Raw awareness. Once upon a time, you could buy it by the bucketload, like tripe in a Lancastrian mill town.
The challenge wasn't so much reach, it was precision. Now the funnel is inverted. We can be as precise as a Pyrenean truffle hound (and, if we over-retarget, can begin to resemble one), but mass coverage – well, that's a more elusive beast.
In a way, it is ironic that the programmatic sniper's rifle has become more of a commodity than the broadcast blunderbuss. However, to portray the media choices now facing brands as polarised between 'mass' and 'micro' would be a gross oversimplification. That's because the 'old' media formats have become nearly as fragmented as the new alternatives.
Twenty-five years ago, a heavyweight poster campaign consisted largely of paper-and-paste 48 sheets, local 4 sheets and, perhaps, a smattering of 16 sheets if you were selling super-strength lager. Technology has changed all that. A heavyweight poster campaign now resembles a minestrone of formats, including digital out-of-home D6s, DEPs, landscape large format DOOH, extreme landscape large format DOOH, mega 6s, supersides, DX3, Transvisions, Superlites, main station motions, digiwalls, AdGates, staion takeovers, bus wraps etc, etc, etc.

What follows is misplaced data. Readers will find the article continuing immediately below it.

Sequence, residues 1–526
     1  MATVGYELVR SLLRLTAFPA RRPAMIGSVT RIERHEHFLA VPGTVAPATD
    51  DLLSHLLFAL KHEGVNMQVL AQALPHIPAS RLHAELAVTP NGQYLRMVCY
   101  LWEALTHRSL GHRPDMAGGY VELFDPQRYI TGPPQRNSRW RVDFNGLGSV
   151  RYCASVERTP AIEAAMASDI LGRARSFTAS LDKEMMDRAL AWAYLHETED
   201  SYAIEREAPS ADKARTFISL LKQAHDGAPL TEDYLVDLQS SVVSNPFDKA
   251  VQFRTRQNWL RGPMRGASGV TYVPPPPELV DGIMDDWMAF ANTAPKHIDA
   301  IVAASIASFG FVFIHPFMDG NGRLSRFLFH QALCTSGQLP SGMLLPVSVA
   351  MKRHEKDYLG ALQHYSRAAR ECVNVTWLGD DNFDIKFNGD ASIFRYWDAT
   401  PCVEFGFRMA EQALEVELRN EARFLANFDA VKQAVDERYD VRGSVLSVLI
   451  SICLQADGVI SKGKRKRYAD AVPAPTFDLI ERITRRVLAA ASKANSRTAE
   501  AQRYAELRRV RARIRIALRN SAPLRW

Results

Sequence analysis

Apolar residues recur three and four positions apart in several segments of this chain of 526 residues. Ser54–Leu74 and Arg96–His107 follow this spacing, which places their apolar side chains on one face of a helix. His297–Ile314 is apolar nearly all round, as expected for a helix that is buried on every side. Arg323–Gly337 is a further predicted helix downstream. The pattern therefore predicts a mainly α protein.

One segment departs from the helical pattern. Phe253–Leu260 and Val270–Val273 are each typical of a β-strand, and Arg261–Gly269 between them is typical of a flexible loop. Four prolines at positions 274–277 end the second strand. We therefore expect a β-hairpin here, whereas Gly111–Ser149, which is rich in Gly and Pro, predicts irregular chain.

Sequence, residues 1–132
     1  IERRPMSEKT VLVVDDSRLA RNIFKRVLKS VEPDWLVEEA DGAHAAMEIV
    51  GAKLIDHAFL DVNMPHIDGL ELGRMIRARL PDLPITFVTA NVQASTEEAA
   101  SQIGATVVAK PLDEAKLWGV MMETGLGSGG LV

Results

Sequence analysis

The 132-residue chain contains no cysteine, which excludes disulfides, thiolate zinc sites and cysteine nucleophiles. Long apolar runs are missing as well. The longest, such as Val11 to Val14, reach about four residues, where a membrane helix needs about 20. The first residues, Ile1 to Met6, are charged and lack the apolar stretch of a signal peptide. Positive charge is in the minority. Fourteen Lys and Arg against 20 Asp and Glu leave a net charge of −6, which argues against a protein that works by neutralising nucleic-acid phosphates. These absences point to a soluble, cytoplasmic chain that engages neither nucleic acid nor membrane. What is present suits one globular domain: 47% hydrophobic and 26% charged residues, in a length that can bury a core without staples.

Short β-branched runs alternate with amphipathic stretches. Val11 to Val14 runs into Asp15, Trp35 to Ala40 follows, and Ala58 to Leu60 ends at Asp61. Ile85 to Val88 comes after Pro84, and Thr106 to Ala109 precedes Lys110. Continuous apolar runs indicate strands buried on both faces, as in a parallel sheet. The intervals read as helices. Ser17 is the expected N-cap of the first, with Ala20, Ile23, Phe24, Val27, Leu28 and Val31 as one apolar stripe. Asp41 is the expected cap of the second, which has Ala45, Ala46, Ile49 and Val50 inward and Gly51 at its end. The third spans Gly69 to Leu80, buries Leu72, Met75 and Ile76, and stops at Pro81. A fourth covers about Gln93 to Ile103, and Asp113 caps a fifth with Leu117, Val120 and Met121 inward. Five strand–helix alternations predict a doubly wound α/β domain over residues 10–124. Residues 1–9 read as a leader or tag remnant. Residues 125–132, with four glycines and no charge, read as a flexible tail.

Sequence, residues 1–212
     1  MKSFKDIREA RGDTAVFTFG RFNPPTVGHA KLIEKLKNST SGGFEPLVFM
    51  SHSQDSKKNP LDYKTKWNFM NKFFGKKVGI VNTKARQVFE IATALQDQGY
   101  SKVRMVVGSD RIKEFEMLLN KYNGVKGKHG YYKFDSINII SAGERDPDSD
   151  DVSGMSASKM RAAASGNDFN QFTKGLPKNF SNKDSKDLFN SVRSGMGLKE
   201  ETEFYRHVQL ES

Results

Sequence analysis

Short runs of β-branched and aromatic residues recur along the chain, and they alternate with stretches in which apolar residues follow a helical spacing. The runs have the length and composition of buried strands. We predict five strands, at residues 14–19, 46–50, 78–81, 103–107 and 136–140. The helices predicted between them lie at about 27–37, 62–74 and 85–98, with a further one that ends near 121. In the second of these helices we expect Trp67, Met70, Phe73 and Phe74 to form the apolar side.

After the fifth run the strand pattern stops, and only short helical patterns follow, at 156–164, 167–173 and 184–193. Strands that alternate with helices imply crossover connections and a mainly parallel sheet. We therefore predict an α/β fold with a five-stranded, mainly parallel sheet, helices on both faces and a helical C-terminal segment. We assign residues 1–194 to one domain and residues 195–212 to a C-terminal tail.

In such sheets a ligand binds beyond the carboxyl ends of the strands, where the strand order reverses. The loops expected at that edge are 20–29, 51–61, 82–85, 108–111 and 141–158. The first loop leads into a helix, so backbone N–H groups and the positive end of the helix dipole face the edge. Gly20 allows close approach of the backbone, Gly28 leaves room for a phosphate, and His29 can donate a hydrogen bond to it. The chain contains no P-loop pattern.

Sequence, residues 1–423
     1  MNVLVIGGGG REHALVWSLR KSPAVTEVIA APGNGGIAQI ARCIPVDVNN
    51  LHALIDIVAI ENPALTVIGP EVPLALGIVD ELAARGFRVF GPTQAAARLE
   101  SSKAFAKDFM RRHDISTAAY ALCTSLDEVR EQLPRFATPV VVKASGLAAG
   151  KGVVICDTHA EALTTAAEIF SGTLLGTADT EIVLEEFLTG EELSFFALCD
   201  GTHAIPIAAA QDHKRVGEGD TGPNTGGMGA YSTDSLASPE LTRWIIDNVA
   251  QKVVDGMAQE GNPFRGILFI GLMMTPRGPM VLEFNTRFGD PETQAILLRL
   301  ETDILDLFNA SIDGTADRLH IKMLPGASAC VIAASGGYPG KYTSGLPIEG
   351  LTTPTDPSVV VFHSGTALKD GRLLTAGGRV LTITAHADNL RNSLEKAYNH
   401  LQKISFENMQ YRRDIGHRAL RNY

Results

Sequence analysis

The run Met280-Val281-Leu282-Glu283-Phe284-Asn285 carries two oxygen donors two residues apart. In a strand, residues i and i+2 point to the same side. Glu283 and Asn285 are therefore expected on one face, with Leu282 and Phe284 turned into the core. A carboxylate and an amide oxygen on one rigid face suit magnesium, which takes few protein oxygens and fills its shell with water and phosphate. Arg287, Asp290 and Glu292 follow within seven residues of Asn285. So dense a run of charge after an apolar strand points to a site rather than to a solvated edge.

This is before we mention all the super-sites, such as Piccadilly Lights, Imax, The Eye Holborn, The Birmingham Media Eyes, the Liverpool Media Wall et al. After all this, there can sometimes be insufficient budget left for a critical mass of old-school 6, 48 and 96 sheets. Television is not dissimilar, with a sprawl of diffusion brands and their +1 back-ups. And print ushered in the dissolution of the media with the supplementisation of its product way back in the 1980s.
Advertising needs to embrace the composite, particulate nature of modern media - and, indeed, the blurring of lines between creative formats.
At the start of the year, I wrote about the rise of brand impressionism, about the need for advertising to embrace the composite, particulate nature of modern media – and, indeed, the blurring of the lines between creative formats. DOOH posters are now filmic and film now has to work in traditionally static spaces. Meanwhile, long-form and short-form video content are increasingly part of the same creative process as barriers to creative production continue to tumble. Print is now a form of animation and animation is now a form of print. It's all very fluid.
Charles is a brand strategist who began his advertising apprenticeship at Burkitt’s, working subsequently at BBH and WCRS. In 2002 he decided to start working for himself and, along with his three partners (Rooney Carruthers, Adrian Coleman and Ian Priest), set up VCCP. Their founding client was O2, to whom they are eternally grateful. Over the last two decades, Charles has worked on and, in some cases, helped launch a diverse range of brands including O2, ING, Hiscox, easyJet, Canon, Cadbury, Domino's, Dyson, Nationwide, and Vitality.Outside of work Charles doggedly pursues a variety of sports including cricket, tennis, football, golf, shooting and snooker, all at a consistently low standard. Charles is a Trustee for both The Change Foundation and The Fred Foundation and is co-author of a book called The Branded Gentry.